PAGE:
PAX Prime 2012: The Last Of Us Impressions

The dimming of lights blur off into the offset of the scene. Joel emerges onto the scene with his stalwart companion Ellie, setting off into to the crumbling remains of society to the next path towards survival. Naughty Dog’s The Last Of Us has done more than simply impress the public with its dynamic take towards adaptive gameplay. But while we’ve seen the active potential of direct combat and the abundant options available to defend against your attackers with, new footage now treats us to the nuances of towards taking a stealth approach and other mechanics that make up this apocalyptic thriller.

As Joel and Ellie travel towards prospective buildings to loot resources, chemistry from the two delivers this pragmatic sense of connection through their trials of hardship. Hearing Joel recount the experience of his first time watching the movie featured on a theatrical poster they stumble upon to Ellie -- a young girl who was never able to experience such pastimes before the apocalyptic shit-storm of epidemic infection -- really sells that constant struggle with appraising the value of morality, and weighing it against the significance of surviving in the world.

As the duo approach the inside of what appears to be an abandoned hotel, the environment manages to speak to you with its attention to detail of their dystopian land in through subtle nuances that would rival Rapture with the crisp details of crumbling rock and foliage overgrowth laden throughout building. Spotting a vantage point to ascend to, Ellie suggests that she can be boosted up by Joel to a scaffolding harboring, a ladder they can both use. But even by his peak, he’ll need an extra advantage of height, which then begets the demand for some sort of object to aid their climb. The active elements of interaction are so broad, and with initiating the view for Joel to examine his surrounding areas in detail that your assessment of the different options available really resonate with your ability to delegate factors into your survival, and cements the bridge of immersion with you and its premise. Finding a rolling cart within the area, the hardened drifter pushes his makeshift platform against the area, and the physics involved of the object being used convey a grounded perception of weight mechanics, showing just what can be done with the Havok engine in the right hands.

After collecting the ladder, the couple moves to the aforementioned vantage point. Jumping on to the terrace, Joel spots some probable hostiles and takes the initiative to take cover and recon their movements.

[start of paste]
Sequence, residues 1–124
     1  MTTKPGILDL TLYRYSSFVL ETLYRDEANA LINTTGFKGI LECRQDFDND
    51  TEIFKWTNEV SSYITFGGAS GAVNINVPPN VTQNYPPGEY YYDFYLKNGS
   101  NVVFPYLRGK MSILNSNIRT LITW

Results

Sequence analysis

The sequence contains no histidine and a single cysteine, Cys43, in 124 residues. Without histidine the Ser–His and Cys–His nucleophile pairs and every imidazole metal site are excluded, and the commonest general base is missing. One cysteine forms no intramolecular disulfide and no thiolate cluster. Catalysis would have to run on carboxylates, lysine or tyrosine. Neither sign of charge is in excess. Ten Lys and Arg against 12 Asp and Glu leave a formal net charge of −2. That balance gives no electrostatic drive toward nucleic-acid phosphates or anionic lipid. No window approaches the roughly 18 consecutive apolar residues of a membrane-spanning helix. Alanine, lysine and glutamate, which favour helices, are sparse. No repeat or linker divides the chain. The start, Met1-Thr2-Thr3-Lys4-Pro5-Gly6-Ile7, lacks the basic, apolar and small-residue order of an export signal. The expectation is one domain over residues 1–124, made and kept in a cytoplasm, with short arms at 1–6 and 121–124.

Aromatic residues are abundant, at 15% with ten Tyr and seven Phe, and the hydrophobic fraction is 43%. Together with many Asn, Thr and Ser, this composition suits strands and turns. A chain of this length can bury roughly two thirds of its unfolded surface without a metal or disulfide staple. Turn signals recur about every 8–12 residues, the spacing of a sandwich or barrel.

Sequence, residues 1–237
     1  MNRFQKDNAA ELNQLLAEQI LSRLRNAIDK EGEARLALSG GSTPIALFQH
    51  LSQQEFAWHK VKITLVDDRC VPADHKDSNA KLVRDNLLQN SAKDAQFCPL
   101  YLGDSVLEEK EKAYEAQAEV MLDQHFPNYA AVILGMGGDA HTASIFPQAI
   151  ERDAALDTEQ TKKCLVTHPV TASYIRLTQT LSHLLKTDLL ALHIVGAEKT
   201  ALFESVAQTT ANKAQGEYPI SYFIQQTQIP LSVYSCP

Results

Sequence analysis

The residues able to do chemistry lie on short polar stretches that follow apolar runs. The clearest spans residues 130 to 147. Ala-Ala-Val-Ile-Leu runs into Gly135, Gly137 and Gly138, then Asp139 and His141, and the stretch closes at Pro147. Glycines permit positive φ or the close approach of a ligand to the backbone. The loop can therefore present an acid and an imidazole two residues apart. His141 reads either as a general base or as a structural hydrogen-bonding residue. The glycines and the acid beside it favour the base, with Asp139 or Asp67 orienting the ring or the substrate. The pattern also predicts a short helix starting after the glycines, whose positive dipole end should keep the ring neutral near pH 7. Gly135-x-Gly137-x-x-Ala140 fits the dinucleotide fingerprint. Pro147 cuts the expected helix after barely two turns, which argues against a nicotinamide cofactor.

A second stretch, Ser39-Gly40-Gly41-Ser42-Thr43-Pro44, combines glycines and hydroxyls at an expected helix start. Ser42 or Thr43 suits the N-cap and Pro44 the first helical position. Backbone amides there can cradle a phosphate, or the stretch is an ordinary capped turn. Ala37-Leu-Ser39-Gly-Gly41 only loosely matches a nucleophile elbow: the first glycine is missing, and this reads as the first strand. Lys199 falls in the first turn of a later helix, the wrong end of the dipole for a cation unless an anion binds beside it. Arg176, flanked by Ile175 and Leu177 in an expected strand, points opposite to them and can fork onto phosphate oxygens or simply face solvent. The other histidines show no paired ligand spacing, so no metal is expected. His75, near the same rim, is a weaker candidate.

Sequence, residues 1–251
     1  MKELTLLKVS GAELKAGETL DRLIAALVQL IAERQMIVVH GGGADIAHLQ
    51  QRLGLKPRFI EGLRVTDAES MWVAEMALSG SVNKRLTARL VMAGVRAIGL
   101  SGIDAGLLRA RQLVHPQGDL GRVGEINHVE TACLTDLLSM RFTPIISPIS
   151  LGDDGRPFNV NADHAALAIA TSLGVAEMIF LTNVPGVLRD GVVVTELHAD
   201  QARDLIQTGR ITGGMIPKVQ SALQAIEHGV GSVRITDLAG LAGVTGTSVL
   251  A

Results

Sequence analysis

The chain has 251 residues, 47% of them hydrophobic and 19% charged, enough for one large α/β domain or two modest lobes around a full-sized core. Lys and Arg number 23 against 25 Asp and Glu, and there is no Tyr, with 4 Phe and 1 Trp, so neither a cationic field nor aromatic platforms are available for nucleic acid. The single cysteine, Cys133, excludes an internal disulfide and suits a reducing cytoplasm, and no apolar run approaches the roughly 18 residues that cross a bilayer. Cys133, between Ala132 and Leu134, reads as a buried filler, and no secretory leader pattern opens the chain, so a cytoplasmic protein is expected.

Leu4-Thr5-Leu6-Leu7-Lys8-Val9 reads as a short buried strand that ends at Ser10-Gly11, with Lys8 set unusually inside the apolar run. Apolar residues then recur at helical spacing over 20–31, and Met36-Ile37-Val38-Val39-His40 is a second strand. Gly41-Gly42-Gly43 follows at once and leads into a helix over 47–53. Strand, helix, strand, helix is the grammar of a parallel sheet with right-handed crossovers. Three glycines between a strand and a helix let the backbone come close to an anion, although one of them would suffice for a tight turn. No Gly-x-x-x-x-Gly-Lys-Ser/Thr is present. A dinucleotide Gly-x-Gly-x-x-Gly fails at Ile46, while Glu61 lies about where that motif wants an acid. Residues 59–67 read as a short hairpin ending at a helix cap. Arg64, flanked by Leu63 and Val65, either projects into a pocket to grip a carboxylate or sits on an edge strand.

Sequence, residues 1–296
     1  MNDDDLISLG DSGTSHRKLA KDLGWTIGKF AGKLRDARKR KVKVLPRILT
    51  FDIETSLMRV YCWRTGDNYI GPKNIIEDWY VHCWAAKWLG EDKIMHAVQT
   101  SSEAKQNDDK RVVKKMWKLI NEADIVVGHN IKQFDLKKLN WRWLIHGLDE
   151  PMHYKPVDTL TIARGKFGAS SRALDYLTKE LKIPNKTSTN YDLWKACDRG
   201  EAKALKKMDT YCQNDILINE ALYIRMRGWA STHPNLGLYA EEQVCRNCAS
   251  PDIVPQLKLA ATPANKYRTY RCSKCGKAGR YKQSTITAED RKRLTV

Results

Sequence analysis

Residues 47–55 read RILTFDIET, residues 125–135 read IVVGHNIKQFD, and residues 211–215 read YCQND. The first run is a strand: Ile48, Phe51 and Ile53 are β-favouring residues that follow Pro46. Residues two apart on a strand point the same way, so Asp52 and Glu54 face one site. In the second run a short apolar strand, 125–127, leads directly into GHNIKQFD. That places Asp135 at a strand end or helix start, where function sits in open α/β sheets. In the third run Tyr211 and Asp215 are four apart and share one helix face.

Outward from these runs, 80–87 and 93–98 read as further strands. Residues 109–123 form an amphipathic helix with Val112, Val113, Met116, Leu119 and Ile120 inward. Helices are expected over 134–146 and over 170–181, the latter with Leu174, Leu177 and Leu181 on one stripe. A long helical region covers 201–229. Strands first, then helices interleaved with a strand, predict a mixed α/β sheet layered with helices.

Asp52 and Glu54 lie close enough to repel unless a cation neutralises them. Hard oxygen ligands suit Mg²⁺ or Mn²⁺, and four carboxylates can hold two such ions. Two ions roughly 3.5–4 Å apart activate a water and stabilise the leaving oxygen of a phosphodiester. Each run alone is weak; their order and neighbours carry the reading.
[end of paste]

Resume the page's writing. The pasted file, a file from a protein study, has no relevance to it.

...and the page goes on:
The A.I. portrayed by the thugs was ever changing, and their attention to caution within their movements brought about a sincere amount of dread that was palpable. Joel came across an empty bottle while skirting against the wall between his foes, and used a distraction tactic by throwing it against the wall of the room across the one where his enemies were stationed, causing immediate panic in some of their ranks as they scattered to investigate. By eavesdropping on the in-game dialogue, Joel was able to hear one of them write off the other’s suspicion, leaving him alone to move further into the hallway, leaving the other completely vulnerable for Joel to take out. As you approach the deviant who left behind, Joel immediately stuns him just long enough to restrain him and put a gun to the temple of his head, leaving him at the mercy of your lead. The function of contextual awareness to direct actions displays sensitivity more immaculate than other contemporaries before The Last of Us, witnessing Joel direct his captive foe under the threat of lethal force as far away from the hallway, in order to silence his liability permanently. The room ahead yielded some promising loot in the form of bandages that he can use for later, again speaking volumes for the amounts of dynamic contextual element s to interact with and delegate for your benefit. Joel and Ellie close in further to the building. The success for the element of surprise narrows down more and more with the appearance of more hostiles, leaving Joel with the decision of taking the one clear shot he has to eliminate one, but alert the other to his presence in the process.